1. The case

By Court decision no. 9416 of 12 April 2017, the Court of Cassation ruled on the issue of prorogatio of a resigning statutory auditor in the performance of his/her duties, joining in the wake of a debate on the issue[1].

The case at issue concerns a liability action brought, pursuant to Article 2394 of the Italian Civil Code, by the bankruptcy manager of a limited liability company against directors and statutory auditors, for the alleged failure to comply with the obligations inherent to the preservation of the integrity of the corporate assets.

With reference to the board of statutory auditors, both the Court and the Court of Appeal found that the resignations submitted by the two effective members of the board of statutory auditors had not immediate effect, due to the non-acceptance of the appointment by the alternate auditors and the consequent failure to reconstitute the controlling body in the minimum number of three components. So, the claim for compensation of damages brought against the statutory auditors, with effect from the bankruptcy and comprising the period following their resignation, that the latter deemed ineffective, was upheld.

The two statutory auditors turned to the Court of Cassation challenging the decision on the merits for having mistakenly considered that the prorogatio regime was effective, after the resignation and until the subsequent replacement.

2. The debate regarding the prorogatio of the resigning statutory auditors

With reference to joint-stock companies, Italian law does not contain a specific provision regulating the effect of the resignation of the members of the controlling body in a case such as the one in question.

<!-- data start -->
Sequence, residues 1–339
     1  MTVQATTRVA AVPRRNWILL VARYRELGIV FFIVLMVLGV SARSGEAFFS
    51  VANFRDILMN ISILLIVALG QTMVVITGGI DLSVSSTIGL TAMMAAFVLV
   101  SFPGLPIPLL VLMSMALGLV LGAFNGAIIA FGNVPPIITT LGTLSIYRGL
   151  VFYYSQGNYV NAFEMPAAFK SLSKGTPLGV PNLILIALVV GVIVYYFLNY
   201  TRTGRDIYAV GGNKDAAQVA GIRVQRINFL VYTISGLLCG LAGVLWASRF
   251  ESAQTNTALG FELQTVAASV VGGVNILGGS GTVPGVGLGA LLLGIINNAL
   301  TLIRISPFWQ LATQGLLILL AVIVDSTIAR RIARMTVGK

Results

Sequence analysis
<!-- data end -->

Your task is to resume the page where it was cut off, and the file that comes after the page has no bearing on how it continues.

The matter is expressly regulated with regard to the managing body. Article 2385, paragraph 1, of the Italian Civil Code, provides that “the waiver has immediate effect, if the majority of the board of directors remains in office, or, otherwise, from the moment in which the majority of the board has been reconstituted“.

In the absence of a specific regulation on the matter, a debate has therefore developed, in the context of case law and the merits and doctrinal jurisprudence, regarding the analogical applicability of this rule in the event the resignation involves a statutory auditor rather than a director.

3. Arguments against the applicability of the prorogatio regime to the resigning auditor

According to certain case law[2], the prorogatio regime would not be applicable in case of resignation of statutory auditors since, with the corporate law reform of 2003, the legislator envisaged this possibility only in the event of termination of the appointment of statutory auditors due to the expiry of their office. Indeed, Article 2400, paragraph 1 of the Italian Civil Code provides that “the termination of statutory auditors due to expiry of the term takes effect from the moment in which the body is re-established“.

On the basis of the principle “ubi lex voluit dixit, ubi nolui tacuit“, the failure to mention the hypothesis of resignation of the statutory auditor would result in a precise choice of the legislator and the exceptionality of the relative discipline. As a result, in the event of resignation, the effect of termination of office would be immediate.